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Re: Testing framework requirements

From: Hallvord R. M. Steen <hallvord@opera.com>
Date: Fri, 17 Jul 2009 16:07:47 +0200
To: "Garrett Smith" <dhtmlkitchen@gmail.com>, "Travis Leithead" <travil@microsoft.com>
Cc: "Doug Schepers (schepers@w3.org)" <schepers@w3.org>, "www-dom@w3.org" <www-dom@w3.org>
Message-ID: <op.uw7ti9tga3v5gv@hr-opera.oslo.opera.com>
On Thu, 16 Jul 2009 09:28:16 +0200, Garrett Smith <dhtmlkitchen@gmail.com>  
wrote:

>> What are some of the desired requirements for an automated testing  
>> framework
>> for testing HTML5/DOM specs from the JavaScript programmatic side?
>
> Script Testing Framework Features:
> * runs in a browser
> * tests run individually, or as a suite
> * test code and results are easy to examine

I second Garrett's list - here I'd like to be even more specific:

* framework should not require adding a lot of code surrounding the one  
being tested, the same test case that is used for running a test should be  
usable for debugging, setting breakpoints and stepping through

This also implies my next point
* framework should not require loading several files/frames/scripts for  
scaffolding - adds complexity to debugging (JSUnit's biggest weakness)

> * suite can be paused/resumed at any time
> * framework handles asynchronous testing
> * events can be created and dispatched easily
> * does not use faulty strategies (browser detection, etc).

!!!

> Suite Implementation:
>  * organized so that it is easy to find tests (searchable, sortable)
>  * search engine friendly (so that tests can be found)
>  * links to the relevant specifications, which link back to the tests


* It should be simple to exclude specific tests from a test run (i.e.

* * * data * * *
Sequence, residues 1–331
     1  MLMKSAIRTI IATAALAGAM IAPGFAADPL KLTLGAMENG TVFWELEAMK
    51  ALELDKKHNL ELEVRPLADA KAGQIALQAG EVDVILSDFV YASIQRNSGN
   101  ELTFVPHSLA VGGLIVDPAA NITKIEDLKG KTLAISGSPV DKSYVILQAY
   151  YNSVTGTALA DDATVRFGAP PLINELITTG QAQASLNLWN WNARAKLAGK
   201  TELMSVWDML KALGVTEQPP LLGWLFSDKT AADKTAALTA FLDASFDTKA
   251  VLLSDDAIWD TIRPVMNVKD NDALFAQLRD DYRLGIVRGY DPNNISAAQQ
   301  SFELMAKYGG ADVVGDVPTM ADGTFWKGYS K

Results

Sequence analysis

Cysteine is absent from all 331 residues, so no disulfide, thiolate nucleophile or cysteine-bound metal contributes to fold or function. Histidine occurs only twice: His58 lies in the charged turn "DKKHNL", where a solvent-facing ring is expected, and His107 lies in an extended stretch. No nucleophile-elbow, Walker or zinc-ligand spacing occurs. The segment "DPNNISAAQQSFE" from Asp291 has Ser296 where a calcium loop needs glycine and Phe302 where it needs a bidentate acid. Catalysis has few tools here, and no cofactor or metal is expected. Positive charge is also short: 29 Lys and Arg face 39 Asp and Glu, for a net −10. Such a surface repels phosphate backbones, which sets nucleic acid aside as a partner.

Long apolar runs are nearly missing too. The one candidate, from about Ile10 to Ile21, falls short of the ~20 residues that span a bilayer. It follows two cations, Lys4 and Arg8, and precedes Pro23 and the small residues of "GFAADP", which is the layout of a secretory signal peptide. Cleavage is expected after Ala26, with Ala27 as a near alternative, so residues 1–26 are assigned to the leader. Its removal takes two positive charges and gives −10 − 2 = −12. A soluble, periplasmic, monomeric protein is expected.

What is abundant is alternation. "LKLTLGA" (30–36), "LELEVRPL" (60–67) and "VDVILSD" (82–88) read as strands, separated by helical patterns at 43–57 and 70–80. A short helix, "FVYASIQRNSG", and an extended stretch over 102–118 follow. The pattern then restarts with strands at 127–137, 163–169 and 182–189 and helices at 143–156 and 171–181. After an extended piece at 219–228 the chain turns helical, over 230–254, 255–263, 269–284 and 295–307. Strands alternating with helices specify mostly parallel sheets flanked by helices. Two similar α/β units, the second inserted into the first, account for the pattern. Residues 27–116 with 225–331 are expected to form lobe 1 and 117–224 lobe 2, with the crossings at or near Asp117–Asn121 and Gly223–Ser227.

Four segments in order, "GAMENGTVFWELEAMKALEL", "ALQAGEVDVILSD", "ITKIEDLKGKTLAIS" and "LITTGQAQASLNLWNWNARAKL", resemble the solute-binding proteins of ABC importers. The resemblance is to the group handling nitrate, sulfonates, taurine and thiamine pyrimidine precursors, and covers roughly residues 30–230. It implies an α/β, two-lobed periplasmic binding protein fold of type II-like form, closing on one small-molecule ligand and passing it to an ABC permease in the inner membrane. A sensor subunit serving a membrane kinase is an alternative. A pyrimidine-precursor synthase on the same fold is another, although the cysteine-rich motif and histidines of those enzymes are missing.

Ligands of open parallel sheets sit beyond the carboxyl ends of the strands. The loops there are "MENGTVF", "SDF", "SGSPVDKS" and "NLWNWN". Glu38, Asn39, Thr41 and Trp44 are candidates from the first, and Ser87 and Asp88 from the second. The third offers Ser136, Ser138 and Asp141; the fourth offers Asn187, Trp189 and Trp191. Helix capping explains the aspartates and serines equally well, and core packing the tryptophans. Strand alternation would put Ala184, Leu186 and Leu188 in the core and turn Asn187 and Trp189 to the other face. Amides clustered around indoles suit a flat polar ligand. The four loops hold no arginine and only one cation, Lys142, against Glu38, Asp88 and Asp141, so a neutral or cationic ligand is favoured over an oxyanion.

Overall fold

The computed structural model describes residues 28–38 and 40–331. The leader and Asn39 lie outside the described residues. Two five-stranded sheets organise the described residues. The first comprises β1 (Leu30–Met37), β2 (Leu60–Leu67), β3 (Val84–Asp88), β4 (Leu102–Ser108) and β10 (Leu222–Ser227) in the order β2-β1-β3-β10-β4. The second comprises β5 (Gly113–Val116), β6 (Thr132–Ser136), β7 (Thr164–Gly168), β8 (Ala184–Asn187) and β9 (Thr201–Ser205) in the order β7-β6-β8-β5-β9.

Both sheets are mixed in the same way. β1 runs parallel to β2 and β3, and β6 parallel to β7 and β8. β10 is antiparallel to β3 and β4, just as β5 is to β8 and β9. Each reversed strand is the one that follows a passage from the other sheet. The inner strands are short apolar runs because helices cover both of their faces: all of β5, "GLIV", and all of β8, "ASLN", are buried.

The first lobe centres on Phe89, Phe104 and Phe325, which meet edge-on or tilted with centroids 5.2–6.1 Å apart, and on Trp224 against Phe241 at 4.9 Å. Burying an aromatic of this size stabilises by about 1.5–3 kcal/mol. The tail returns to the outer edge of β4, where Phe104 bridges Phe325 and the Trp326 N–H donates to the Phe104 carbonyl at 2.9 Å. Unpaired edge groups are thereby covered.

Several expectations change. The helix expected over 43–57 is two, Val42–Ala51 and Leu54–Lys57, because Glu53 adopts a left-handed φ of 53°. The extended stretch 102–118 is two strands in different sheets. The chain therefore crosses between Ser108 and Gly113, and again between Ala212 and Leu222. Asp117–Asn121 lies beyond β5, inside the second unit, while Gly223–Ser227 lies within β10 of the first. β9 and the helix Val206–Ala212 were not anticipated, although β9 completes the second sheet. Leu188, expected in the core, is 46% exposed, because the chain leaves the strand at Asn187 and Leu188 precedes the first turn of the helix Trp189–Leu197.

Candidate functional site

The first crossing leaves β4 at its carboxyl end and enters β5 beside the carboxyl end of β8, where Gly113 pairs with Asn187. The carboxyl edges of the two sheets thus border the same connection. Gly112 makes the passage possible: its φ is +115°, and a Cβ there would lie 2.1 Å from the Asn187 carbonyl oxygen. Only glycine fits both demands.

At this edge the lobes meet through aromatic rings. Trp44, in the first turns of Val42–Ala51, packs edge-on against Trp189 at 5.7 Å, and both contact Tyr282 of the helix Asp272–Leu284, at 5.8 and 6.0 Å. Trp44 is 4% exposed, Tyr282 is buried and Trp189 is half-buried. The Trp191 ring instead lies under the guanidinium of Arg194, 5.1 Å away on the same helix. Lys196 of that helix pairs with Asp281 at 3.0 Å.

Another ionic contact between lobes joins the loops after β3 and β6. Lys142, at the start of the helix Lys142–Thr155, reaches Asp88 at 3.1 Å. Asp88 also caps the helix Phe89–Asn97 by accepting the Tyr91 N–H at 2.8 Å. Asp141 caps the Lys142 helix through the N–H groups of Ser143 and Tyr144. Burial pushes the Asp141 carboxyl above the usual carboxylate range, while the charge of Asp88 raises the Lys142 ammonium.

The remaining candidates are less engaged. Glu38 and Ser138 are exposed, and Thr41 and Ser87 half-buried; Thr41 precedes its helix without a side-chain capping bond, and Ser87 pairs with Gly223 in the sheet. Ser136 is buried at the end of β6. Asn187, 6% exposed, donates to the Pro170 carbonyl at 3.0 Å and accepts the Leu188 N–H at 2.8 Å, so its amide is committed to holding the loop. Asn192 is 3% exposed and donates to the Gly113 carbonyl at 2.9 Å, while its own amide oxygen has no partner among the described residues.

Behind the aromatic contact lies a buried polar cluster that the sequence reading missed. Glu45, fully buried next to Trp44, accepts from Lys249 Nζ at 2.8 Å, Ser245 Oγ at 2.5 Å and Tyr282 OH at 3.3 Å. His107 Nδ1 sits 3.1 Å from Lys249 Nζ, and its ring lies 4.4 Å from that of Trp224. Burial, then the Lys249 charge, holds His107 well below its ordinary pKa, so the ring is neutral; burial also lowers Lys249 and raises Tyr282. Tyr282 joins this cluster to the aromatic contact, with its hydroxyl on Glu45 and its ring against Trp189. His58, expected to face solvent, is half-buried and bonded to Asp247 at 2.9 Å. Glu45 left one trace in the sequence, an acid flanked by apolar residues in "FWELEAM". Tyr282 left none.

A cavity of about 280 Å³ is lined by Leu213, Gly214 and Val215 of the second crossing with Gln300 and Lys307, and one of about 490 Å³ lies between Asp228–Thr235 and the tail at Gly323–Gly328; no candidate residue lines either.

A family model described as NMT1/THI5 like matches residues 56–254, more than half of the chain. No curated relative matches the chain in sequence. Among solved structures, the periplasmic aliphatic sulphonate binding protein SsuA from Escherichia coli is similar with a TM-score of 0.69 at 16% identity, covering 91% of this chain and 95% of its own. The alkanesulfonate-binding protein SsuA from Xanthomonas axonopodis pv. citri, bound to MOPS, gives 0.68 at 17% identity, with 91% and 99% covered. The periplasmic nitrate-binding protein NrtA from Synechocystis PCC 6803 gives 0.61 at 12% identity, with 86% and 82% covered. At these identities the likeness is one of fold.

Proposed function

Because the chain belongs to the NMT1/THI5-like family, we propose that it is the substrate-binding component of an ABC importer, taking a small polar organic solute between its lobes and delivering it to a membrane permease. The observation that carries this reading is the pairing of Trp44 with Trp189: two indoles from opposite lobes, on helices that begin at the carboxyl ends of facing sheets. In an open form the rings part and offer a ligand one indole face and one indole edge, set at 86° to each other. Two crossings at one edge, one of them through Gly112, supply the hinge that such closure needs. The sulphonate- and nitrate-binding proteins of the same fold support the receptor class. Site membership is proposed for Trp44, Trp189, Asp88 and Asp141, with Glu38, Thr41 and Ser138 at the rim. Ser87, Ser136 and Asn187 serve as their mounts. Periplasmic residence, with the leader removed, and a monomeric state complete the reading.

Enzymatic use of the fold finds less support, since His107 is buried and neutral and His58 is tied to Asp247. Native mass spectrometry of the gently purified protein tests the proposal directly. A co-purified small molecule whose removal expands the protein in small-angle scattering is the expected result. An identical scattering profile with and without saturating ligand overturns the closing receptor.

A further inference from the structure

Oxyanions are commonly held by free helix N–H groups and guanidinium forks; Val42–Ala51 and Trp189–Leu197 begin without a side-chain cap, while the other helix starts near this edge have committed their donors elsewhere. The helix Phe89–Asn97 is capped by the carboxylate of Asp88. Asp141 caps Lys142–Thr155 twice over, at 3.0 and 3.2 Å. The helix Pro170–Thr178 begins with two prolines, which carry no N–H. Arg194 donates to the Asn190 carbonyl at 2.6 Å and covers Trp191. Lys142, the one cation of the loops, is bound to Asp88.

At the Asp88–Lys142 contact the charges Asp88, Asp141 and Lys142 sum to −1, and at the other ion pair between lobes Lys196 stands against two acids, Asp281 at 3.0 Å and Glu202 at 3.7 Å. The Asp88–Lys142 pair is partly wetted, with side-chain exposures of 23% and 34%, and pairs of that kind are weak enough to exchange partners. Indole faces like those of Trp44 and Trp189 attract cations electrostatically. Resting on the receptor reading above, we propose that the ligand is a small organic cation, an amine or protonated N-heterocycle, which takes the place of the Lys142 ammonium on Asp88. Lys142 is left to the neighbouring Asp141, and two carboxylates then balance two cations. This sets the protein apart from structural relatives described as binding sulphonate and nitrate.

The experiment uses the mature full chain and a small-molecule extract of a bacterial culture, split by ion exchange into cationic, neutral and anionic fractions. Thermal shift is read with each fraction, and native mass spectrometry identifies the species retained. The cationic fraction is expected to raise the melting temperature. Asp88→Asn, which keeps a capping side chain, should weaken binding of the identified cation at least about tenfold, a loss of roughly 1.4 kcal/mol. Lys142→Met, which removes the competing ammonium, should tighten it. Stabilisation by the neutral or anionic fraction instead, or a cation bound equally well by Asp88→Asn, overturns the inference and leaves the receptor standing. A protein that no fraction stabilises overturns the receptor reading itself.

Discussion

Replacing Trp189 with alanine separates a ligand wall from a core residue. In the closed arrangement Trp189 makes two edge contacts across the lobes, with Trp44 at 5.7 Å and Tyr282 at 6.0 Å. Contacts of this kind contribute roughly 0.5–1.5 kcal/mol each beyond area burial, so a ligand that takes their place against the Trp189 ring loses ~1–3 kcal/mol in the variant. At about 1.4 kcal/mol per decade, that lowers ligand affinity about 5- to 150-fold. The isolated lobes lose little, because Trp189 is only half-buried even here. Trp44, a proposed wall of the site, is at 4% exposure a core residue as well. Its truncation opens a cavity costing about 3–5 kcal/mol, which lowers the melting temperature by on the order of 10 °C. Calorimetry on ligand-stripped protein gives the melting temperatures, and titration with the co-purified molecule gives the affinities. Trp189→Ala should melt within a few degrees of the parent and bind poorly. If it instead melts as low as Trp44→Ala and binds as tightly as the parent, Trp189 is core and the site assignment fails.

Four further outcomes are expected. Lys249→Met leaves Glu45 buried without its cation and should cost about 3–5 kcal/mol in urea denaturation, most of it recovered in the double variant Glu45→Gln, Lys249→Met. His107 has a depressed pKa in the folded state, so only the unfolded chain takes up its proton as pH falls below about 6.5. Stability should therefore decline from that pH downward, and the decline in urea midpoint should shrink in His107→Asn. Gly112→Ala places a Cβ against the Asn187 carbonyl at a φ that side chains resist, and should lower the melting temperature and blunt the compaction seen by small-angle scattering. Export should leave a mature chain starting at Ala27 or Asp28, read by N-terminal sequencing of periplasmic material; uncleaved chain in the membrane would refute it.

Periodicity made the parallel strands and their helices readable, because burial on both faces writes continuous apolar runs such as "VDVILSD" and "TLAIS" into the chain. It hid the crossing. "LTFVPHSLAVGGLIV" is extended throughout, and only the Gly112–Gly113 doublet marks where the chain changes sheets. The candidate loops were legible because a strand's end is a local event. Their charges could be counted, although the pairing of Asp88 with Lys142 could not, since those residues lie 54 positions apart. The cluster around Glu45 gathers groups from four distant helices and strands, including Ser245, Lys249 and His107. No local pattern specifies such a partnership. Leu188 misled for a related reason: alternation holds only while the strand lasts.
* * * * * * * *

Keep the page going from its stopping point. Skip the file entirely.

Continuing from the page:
useful for bugs that crash or hang the UA being tested)
* It should be trivial to harvest result of the entire suite through a  
form POST of results in some simple format

(I explicitly specify a form POST there because this is the only way to  
move such a chunk of data across domains. An obvious use case is a browser  
vendor running the tests located at www.w3.org but storing results from a  
frontend at browservendor.com/qa/testresults .)

* It should give a clear and simple "score" after a test suite run, which  
will help standards compliance in general because passing the tests and  
getting a good score will be seen as important. Testing the browser you're  
using should be as simple as clicking a link, waiting a bit and reading  
the score.


> Results of various browsers and versions could be provided on a separate  
> page.
>
> YUI Test is open source.

..and a pretty nice framework. I don't remember to what extent it depends  
on other YUI stuff, it would be my only gripe if it loaded several K of  
YUI code before getting to the tests. Overall, I'll by far prefer YUI Test  
to JSUnit. There are alternatives like the MochiKit test framework.

> http://www.w3.org/DOM/Test/
>
> I do not personally find that test suite to be useful. Suggestion: Why
> don't you post to comp.lang.javascript and ask if anyone finds the
> test suite useful?

Well, it's mostly useful to UA vendors. I can't imagine any author wanting  
to use it. However, it does tell us something that none of today's library  
authors use that framework.

-- 
Hallvord R. M. Steen, Core Tester, Opera Software
http://www.opera.com http://my.opera.com/hallvors/
Received on Friday, 17 July 2009 14:07:46 GMT

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